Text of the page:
New Race Track

Oro Station adding race track, auto innovation hub in consultation with Goodwood experts

Oro Station will serve as a live-work-play space in Ontario.

Photo courtesy of Oro Station

North America is getting a new purpose-built motor circuit. Oro Station, located one hour north of Toronto, Ontario, Canada, will also be home to an automotive innovation campus.

The track will be developed in collaboration with Kinarara Consulting, the group behind Goodwood, one of England’s premier motoring circuits and event centers.

The Oro Station Motor Circuit itakes much of its design and layout inspiration from Goodwood. It is designed to be a 4.1 kilometer road course that will be able to be run in a number of configurations. The full course layout includes 16 corners.There will also be split track formats, dynamic test areas, and skid pads.

Oro Station Ontario, Canada The development will be looking to host high-profile clients.Photo courtesy of Oro Station

Drive International is responsible fo the design of the track. The company has most recently designed the Silverstone FIA world rallycross track in the U.K. and NCM Motorsports Park In Kansas, U.S.A. along with being responsible for circuit improvements to Goodwood.

Oro Station will include 500,000 square feet of industrial space that joins an automotive business park with a motorsport road course and testing facilities. Additional facilities centered around automobile engineering, education, service, supply and manufacturing businesses will be present.

It will be the home of the Bexley Motor Club. Membership in the club will grant members access to the circuit and facilities as well as year-round white glove treatment and maintenance by Carcierge Service. Fly-in, fly-out access is available helipad or the nearby Lake Simcoe Regional Airport.

Members will also be able to access a clubhouse, autominiums (private garages available for purchase), a fitness center, and dining facilities.

Kinarara Consulting will be advising on circuit management, the organization of high-profile events, and retaining high net worth members.

"We are delighted to be able to offer Goodwood's expertise to Oro Station,” said Dan Hughes, Director of Kinrara Consulting. “There are clear synergies between Goodwood as the traditional home of speed in the UK and this incredibly exciting new facility near Toronto. Our hope is for a strong and long-lasting collaboration where each of our great circuits supports and learns from the other."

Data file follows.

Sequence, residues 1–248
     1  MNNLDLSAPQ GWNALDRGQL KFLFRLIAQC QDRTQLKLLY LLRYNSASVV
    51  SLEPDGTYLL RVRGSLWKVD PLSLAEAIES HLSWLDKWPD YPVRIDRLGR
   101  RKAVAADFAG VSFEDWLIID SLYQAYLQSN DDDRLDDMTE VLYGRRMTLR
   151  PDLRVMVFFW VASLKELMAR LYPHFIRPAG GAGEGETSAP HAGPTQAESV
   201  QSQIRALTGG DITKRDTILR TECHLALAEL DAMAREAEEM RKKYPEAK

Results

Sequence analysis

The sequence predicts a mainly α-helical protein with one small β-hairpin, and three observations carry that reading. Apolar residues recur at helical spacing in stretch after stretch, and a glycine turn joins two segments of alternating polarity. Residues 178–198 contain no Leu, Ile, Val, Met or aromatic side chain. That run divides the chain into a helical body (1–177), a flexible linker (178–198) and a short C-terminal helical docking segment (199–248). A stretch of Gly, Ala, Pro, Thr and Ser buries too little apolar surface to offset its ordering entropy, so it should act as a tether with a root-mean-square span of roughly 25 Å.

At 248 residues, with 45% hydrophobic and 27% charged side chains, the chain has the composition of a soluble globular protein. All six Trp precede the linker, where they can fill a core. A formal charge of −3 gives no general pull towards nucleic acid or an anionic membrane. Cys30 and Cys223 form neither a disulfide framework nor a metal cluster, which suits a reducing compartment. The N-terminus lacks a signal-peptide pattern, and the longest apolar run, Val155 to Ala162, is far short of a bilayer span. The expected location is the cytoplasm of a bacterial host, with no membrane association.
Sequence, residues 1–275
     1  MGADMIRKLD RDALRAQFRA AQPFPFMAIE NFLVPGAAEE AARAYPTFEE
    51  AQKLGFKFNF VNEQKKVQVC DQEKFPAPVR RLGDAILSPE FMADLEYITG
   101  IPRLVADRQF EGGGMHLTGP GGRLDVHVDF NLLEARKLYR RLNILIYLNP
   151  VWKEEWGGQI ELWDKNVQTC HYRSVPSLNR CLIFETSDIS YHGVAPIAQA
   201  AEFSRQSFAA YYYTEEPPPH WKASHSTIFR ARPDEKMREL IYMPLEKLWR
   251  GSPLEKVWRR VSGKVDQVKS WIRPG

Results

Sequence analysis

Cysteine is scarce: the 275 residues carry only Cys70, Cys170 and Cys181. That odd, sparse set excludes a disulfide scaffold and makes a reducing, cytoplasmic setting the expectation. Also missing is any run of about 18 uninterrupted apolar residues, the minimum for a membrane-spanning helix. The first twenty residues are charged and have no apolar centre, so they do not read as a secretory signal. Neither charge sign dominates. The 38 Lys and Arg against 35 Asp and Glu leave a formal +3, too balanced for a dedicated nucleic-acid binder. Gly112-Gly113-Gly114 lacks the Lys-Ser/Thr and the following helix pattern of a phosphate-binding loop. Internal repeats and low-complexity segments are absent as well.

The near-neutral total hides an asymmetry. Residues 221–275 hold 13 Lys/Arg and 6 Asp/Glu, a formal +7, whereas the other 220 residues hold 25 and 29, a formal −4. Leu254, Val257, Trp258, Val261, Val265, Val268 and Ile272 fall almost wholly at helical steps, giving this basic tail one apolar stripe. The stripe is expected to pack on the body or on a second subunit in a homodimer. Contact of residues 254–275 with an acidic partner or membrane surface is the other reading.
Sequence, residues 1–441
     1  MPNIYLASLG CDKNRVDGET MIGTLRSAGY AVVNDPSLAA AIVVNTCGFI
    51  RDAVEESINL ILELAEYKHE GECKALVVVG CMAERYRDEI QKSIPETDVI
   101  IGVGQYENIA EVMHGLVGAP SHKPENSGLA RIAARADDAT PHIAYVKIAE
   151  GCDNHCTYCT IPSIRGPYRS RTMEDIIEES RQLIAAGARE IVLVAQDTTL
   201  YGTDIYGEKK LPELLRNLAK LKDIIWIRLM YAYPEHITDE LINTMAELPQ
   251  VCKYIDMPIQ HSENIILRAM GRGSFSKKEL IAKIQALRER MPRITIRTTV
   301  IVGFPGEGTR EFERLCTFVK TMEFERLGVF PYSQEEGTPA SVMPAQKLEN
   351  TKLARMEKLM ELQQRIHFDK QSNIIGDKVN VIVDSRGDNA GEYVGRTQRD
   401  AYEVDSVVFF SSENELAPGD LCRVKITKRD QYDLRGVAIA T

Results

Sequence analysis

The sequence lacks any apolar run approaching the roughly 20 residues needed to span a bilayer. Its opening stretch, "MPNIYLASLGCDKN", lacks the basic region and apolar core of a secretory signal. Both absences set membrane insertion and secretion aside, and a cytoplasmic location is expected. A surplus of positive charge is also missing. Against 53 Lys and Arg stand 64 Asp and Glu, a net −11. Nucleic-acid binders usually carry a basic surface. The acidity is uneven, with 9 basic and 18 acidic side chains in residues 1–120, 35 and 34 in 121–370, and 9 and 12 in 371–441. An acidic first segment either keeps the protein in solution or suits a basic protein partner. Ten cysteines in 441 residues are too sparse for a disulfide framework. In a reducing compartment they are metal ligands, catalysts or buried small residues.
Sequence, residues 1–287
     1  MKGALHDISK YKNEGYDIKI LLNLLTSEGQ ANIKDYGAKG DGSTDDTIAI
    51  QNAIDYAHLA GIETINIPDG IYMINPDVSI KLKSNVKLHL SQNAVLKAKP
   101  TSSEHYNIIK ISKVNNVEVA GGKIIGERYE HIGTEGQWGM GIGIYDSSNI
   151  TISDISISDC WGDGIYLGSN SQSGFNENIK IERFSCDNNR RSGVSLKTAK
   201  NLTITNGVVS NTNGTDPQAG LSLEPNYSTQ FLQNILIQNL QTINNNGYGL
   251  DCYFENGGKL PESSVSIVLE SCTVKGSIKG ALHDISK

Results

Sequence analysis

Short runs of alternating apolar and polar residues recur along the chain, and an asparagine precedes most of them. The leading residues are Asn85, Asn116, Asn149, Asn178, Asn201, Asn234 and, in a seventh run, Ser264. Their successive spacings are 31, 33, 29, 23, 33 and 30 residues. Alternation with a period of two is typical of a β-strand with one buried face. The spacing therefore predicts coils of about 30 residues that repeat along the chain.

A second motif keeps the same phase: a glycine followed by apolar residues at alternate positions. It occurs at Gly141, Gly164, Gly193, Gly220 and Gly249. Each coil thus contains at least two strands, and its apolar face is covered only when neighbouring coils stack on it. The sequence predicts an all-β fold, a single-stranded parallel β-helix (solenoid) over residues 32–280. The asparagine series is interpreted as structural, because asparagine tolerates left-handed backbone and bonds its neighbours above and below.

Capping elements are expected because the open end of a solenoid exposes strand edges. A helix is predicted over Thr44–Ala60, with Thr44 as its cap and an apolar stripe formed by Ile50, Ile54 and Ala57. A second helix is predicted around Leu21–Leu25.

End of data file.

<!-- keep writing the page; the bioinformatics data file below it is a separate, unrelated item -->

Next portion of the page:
"The Duke of Richmond and his talented team have created the pinnacle of automotive events at the Goodwood Estate", said Geoffrey Campbell, Managing Partner of Oro Station. "The care and attention to detail is evident in the success of their facility and the quality of experience for customers, sponsors and manufacturers alike. We are honoured to be working with the Goodwood Group to ensure Oro Station and Bexley Motor Club learn from and follow in their pursuit of perfection."

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Nuts & Bolts

 
 

Canoosa Events is organizing luxury multi-day road rallies.

Photo by leekris/Getty Images

Canossa Events, a European luxury automotive touring provider, expanded to North America last year. This year, the company is launching several private, small group excursions on the East and West Coast of the U.S.

Beginning this autumn, guests of the tours will indulge in picturesque drives, one-of-a-kind gastronomy experiences, and luxury accommodations all curated with an eye toward beauty, elegance, taste and personalized service.

Highway 1 near Big Sur California's Highway 1 is a world famous grand touring destination. Photo by Getty Images

"We have longed to bring Canossa's version of la dolce vita to North America," says Canossa's Founder, Luigi Orlandini. "And in this current climate, we have the opportunity to deliver our experiences to our fans who are unable to leave North America. With Canossa Events North America, we will safely celebrate the freedom to drive, indulge in culinary delights, and soak in the beautiful sceneries among old and new friends."

The white glove service extends to the entire event and includes strict safety and social distancing guileless to "deliver a carefree and pleasant experience for guests".

Canossa Events North America is currently accepting reservations for its Fall Rallye New England, and will soon announce additional excursions, including:

  • Grand Tour of California - This excursion will highlight the coastal byways, wine country and farm-to-fork culture of California's Central Coast.
  • Rallye of Enchantment - Attendees will xplore some of America's most iconic landscapes of New Mexico, Colorado and Arizona and Utah.

The Fall Rallye lasts four days and three nights. It's limited to 25 cars and comes with a $9,900 price tag that is based on double occupancy. The event includes nights at New England's heralded Cliff House Maine hotel.